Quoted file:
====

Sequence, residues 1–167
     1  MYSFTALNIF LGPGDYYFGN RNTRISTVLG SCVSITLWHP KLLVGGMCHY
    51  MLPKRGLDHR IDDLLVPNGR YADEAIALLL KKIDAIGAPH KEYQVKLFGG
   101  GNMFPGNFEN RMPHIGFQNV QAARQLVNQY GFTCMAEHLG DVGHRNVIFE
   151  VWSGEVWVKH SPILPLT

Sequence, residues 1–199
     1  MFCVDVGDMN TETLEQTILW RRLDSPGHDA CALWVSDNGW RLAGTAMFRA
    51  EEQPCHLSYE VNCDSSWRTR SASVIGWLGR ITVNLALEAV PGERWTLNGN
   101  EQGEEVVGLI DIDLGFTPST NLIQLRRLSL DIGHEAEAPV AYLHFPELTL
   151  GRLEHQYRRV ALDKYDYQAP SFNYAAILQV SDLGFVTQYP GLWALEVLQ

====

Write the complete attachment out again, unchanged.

Sequence, residues 1–167
     1  MYSFTALNIF LGPGDYYFGN RNTRISTVLG SCVSITLWHP KLLVGGMCHY
    51  MLPKRGLDHR IDDLLVPNGR YADEAIALLL KKIDAIGAPH KEYQVKLFGG
   101  GNMFPGNFEN RMPHIGFQNV QAARQLVNQY GFTCMAEHLG DVGHRNVIFE
   151  VWSGEVWVKH SPILPLT

Sequence, residues 1–199
     1  MFCVDVGDMN TETLEQTILW RRLDSPGHDA CALWVSDNGW RLAGTAMFRA
    51  EEQPCHLSYE VNCDSSWRTR SASVIGWLGR ITVNLALEAV PGERWTLNGN
   101  EQGEEVVGLI DIDLGFTPST NLIQLRRLSL DIGHEAEAPV AYLHFPELTL
   151  GRLEHQYRRV ALDKYDYQAP SFNYAAILQV SDLGFVTQYP GLWALEVLQ